Ever since it happened, Hollywood has had a rather tortured relationship with the Communist Witch Hunts of the 1950s. At the time the Studios largely lined up with the government and co-operated with something which most felt was wrong, but they were too afraid of what would happen to business if they didn’t. They didn’t think they could risk being seen to be defending possible communists, even if the battle against them seemed to go against American values.
As a result, stars and directors gave names to Congress, and Hollywood drew up a list of names who were blacklisted out of the industry due to their possible communist sympathies. Ever since the tide later turned against those who’d co-operated and especially those who agreed to testify in front of The House Un-American Activities Committee, Tinsel Town has never seemed certain what to do about one of its darker chapters, and has generally given it a wide berth.
However, Trumbo attempts to look at it head on, telling the story of Dalton Trumbo, who in the 1940s and early 1950s was one of the most successful screenwriters in Hollywood. He was also a communist, which caught the attention of those who were fighting against the ‘reds’ in Hollywood and in Government. He ended up in prison for refusing to answer Congress’ questions and was then blacklisted.
Forced to work under pseudonyms, he led a cadre of other blacklisted writers who plied their trade anonymously, largely penning terrible movies. He then decided to fight back, to try and break the blacklist and get his name back on the pictures he wrote.
It is undoubtedly a fascinating story, and Trumbo certainly goes at it with gusto. Unfortunately, though it is a little uneven and never fully finds its feet. Part of its problem is that is tends to assume the audience already knows the issues surrounding the witch hunts and the blacklist, and ends up underplaying exactly what went on back then, and particularly how it didn’t happen in isolation but was merely one of the main frontlines of a very ugly domestic war. In fact, it’s not until the last five minutes where it really opens up to this and suggests the real impact this episode had across the US.
It also isn’t 100% sure where to focus, tending to reach around to various things without fully committing to anything. Trumbo is never bad, but it is often meandering and in its desire to be apolitical, often seems afraid to really hit hard, even if doing so wouldn’t really affect its supposed neutrality.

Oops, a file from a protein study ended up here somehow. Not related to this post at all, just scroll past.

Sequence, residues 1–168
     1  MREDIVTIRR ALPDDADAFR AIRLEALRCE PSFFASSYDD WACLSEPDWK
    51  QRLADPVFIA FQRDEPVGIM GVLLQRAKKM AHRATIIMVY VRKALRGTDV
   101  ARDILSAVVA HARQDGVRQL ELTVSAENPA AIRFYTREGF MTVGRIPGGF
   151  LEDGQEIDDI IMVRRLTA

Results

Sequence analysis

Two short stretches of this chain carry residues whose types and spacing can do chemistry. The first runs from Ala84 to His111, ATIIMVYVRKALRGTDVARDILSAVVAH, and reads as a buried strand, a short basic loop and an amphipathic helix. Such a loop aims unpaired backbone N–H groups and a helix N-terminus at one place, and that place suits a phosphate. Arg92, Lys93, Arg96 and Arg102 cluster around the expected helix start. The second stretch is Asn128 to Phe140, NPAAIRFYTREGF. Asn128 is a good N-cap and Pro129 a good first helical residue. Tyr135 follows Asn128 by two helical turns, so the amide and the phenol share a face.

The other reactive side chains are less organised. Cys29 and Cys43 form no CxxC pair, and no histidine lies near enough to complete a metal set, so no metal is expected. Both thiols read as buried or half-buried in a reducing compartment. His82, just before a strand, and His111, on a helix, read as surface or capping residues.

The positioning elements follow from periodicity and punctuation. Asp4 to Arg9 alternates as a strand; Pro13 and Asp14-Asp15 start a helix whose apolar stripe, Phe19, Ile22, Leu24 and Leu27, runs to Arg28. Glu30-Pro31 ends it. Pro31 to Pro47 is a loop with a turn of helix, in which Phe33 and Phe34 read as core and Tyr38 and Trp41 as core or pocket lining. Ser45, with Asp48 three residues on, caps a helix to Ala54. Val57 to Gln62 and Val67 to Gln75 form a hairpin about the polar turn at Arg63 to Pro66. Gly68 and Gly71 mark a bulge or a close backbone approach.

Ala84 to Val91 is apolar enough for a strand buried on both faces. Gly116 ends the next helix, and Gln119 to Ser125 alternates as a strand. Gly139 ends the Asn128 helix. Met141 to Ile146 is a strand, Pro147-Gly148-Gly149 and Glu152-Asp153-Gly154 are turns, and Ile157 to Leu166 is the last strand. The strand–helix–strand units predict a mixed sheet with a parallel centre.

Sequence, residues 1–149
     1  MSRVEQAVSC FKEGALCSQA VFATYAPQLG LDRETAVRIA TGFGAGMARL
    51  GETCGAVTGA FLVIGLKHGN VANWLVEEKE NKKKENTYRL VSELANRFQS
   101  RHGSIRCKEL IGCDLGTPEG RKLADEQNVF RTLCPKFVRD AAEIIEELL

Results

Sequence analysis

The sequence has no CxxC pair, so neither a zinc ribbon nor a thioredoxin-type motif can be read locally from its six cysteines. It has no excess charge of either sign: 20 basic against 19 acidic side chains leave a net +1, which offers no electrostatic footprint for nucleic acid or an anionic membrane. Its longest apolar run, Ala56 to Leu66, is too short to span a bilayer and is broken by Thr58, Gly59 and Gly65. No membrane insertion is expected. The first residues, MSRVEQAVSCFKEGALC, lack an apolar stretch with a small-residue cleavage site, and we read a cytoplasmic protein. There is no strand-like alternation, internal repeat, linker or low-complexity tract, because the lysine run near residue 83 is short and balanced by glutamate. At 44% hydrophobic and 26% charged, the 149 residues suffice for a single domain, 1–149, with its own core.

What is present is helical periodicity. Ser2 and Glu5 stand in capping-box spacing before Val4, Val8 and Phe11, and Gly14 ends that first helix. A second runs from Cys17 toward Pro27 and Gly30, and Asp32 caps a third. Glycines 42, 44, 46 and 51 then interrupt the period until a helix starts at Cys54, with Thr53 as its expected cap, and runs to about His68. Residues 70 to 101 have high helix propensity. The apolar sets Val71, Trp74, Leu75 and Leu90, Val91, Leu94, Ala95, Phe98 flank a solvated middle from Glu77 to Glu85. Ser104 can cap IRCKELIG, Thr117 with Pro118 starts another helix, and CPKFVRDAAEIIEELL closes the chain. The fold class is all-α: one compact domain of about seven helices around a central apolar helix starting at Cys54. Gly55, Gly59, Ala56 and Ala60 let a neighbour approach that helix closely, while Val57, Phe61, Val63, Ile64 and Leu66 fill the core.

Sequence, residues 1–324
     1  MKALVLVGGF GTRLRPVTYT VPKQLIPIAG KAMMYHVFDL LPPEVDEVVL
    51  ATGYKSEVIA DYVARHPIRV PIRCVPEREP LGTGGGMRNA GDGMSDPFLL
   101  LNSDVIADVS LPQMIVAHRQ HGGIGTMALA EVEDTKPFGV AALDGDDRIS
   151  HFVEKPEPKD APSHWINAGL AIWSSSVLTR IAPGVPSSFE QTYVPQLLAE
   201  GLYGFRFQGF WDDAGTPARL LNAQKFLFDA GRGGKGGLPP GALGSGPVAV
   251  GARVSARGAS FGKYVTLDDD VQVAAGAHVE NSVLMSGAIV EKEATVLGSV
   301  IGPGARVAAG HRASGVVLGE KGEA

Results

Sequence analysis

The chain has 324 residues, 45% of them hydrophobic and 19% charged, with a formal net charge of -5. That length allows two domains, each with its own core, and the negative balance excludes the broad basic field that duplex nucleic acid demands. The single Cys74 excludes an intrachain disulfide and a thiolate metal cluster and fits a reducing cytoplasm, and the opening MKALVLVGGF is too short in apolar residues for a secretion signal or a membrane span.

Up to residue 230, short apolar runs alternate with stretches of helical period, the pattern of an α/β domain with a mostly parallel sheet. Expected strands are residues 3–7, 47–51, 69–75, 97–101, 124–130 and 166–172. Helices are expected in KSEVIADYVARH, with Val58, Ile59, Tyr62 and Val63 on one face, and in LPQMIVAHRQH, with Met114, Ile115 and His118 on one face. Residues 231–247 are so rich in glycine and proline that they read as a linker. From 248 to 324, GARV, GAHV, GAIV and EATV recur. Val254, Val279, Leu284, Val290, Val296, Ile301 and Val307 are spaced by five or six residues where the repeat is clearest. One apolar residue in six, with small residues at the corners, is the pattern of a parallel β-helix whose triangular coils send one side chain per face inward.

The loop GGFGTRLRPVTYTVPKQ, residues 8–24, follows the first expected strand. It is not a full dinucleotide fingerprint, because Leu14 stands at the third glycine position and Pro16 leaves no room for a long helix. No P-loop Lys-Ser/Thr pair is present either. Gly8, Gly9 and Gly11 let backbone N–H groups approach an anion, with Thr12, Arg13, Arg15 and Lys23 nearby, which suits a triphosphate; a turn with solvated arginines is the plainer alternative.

Thankfully it has a major saving grace, which is an absolute dynamite cast who more than give their all, often creating some brilliant moments. Bryan Cranston more than deserves his Best Actor Oscar nomination. He is incredible in the central role, chewing his words in spectacular fashion, so that even if what’s going on around him is rather loose, he’s riveting to watch.
He’s not the only one either, as he’s ably supported by the likes of Louis C.K. as (an oddly fictional) fellow blacklisted screenwriter, as well as Michael Stuhlbarg as Edward G. Robinson, an actor who was Trumbo’s friend but ended up naming names in Congress. Helen Mirren has great fun as the venomous gossip columnist Hedda Hopper, who was at the forefront of the anti-communist fight in Hollywood, while Diane Lane is superb as Trumbo’s loyal wife, Cleo. With the likes of Alan Tudyk, John Goodman, Adewale Akinnuoye-Agbaje, and Elle Fanning also offering excellent performances.
If only the script could have matched the cast, Trumbo could have been a real contender at the Academy Awards. Instead we get a very watchable film and a surprisingly funny one, but one which doesn’t quite have the power of the true story that it’s telling.
Overall Verdict: A decent movie powered by some brilliant performances, which help to make up for a slightly soft script. It would also help to know a little about the Hollywood blacklist before you watch it.
Reviewer: Tim Isaac